Boris Karloff in Frankenstein, 1931
Charles Dickens died in 1870, leaving his final novel, The Mystery of Edwin Drood, unfinished. His readers, who had followed the story of Drood, his Uncle Jasper and the Landless siblings, were left with an unfinished story abounding with unanswered questions. Who killed Edwin Drood? Who was the Dick Datchery character who had been hanging around Cloisterham in recent weeks?
In the following 140 years, many writers have tried to complete the story, maintaining the appropriate tone and finding an ending that makes sense of all the juggling balls of plot that Dickens had thrown into the air. In most Jasper is the killer but not all of them have Drood dying from his uncle’s murderous attack. And as to the real identity of Dick Datchery, authors have alternately plumped for Neville Landless, an investigating detective or even Edwin Drood himself. Each author who has approached the matter has had to make sense of what has gone before without the aid of any notes or direction from the original author.
When George Lucas set out to make his Star Wars prequel trilogy, he had to create a storyline that worked as a story by itself but also concluded in such a way that it slotted directly onto the beginning of the original Star Wars films. Whether he succeeded in doing this is extraordinarily doubtful (e.g. how could Princess Leia claim to remember her own mother if she was hours old when she died?) but writing with future events fixed would have put a large number of constraints on the plotting of the films.
Any writing activity which attempts to add to or stitch together pre-existing stories comes with some specific challenges. Heide and I are at a point in our novel where we do have to address such issues. We don’t have a monumental task like finishing Drood or writing a prequel to one of the most popular film series of all time but we have a tricky task ahead of us nonetheless.
We have been writing alternate chapters of our Clovenhoof novel (still called ‘that Clovenhoof novel’ for reasons I will explain in a future blog) over the past six months and we are now at the point where we actually need to wrap up the story and present it as a complete novel. We have the advantage over Drood’s multiple authors in that Heide and I have been working on this thing together all along but just like George Lucas we have saddled ourselves with little details and facts here and there that need reconciling. Of course, we don’t have exactly the same problem as Lucas because none of our story has been unleashed on the world and we have the luxury of being able to rewrite what we wish.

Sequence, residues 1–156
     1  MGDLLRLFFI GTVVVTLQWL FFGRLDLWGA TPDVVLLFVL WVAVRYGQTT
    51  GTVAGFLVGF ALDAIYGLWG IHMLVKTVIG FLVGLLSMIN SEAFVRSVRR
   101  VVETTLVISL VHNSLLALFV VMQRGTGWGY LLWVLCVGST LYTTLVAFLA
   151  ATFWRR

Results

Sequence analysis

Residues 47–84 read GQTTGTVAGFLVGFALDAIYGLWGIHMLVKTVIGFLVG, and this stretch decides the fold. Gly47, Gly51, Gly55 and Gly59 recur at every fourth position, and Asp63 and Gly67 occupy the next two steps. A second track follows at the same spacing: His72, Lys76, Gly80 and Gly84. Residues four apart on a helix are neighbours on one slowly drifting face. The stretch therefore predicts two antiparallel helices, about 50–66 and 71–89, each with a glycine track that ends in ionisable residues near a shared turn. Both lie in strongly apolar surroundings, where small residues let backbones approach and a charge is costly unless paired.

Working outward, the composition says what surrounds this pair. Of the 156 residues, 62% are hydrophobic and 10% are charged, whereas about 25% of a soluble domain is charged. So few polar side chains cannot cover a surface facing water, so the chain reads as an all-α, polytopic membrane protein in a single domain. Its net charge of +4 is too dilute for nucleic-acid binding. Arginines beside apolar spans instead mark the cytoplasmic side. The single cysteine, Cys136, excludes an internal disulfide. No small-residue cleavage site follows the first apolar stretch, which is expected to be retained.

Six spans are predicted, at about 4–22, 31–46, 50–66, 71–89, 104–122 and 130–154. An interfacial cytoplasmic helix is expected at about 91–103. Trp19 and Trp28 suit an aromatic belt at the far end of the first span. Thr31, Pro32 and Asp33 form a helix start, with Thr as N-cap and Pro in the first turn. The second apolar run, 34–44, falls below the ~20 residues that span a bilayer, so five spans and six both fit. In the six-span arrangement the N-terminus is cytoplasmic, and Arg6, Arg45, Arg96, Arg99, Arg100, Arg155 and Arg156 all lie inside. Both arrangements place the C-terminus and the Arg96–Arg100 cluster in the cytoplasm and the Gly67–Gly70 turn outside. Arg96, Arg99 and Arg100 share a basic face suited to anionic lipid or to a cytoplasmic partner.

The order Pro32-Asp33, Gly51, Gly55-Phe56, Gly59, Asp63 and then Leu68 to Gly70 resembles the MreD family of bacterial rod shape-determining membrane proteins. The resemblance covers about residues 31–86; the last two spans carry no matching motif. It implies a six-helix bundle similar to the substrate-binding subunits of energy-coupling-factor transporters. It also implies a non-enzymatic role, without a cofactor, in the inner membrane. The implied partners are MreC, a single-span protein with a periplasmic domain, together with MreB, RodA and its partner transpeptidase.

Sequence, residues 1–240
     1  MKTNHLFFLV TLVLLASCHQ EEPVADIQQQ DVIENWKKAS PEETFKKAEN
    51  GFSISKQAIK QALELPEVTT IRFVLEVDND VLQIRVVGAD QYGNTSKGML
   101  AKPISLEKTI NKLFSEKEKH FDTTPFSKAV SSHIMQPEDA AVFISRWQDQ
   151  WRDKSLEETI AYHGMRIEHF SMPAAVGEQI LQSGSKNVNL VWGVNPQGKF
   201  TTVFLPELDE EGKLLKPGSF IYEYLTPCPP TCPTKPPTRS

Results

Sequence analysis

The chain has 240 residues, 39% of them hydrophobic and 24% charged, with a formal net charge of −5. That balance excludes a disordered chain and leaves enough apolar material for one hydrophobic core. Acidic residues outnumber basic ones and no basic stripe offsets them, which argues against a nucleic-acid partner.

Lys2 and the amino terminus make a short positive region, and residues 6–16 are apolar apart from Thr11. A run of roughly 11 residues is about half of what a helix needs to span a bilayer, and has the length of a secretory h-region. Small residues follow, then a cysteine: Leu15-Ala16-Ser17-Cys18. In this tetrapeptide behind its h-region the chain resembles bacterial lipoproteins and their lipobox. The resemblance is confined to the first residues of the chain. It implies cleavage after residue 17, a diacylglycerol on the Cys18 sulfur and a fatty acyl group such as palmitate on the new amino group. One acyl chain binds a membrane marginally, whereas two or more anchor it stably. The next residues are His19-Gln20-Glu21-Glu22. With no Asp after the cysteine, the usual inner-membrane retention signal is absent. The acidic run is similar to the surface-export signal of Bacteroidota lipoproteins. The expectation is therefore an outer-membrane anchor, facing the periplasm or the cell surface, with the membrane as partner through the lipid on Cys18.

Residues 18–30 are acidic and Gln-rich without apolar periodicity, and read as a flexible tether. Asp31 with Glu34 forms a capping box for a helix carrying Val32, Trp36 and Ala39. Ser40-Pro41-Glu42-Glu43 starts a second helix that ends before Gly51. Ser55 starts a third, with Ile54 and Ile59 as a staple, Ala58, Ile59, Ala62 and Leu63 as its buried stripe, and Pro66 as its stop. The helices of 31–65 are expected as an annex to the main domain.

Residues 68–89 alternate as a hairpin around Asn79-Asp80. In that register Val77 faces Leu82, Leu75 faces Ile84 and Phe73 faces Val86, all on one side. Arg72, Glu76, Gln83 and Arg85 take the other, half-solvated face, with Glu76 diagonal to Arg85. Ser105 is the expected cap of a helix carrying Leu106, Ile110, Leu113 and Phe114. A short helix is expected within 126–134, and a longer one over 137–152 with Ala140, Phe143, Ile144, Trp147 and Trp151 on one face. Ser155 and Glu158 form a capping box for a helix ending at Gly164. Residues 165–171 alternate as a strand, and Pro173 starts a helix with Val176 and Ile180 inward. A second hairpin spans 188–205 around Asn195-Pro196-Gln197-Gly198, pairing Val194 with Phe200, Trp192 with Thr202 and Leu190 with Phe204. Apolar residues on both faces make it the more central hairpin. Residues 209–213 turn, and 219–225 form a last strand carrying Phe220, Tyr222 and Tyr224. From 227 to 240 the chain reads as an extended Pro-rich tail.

But this issue isn’t doing the rewriting, it’s identifying what needs to be rewritten to make sense of the whole story. And it isn’t just a matter of continuity. The fact that Clovenhoof meets a vicar in chapter four and doesn’t know her name but, in the subsequently written chapter two, he meets her and gets to know her is easily handled with a few lines of altered dialogue. The issue we have to deal with is overall tone and believability of characters and events.
Dickens books are known, even loved, for their surprise turns of events. Previously unknown relatives, hidden wills and secret desires spring up all over the place in Dicken’s works. This is partly a narrative device but also a result of the fact that Dickens wrote for serialisation and couldn’t go back and write these things in more subtly. If he needed a secret inheritance to appear to save his heroes from debtor’s gaol then a secret inheritance would appear without warning. We can’t have that in our novel. Such unsuspected surprises could seem ludicrous in modern novels and smack of deus ex machina.
We need to create subtlety and plausibility (yes, even in a novel about the devil’s comic exploits in suburban Birmingham). Surprise events need a bit of foreshadowing. Changes of personality need to be made believable by earlier hints and transforming situations.
To this end, Heide and I have a Dropbox document that we share in which we note ideas that need threading throughout the story. It includes oddities like “Ben needs to buy more air fresheners” and “Nerys needs to start a correspondence relationship with a convicted armed robber” which, we hope, when put into the finished edit will make the whole story hang together more convincingly.
If we don’t, our finished novel will be some sort of Frankenstein’s Novel in which each of the individual elements look fine by themselves but the overall effect will be something hideous to behold.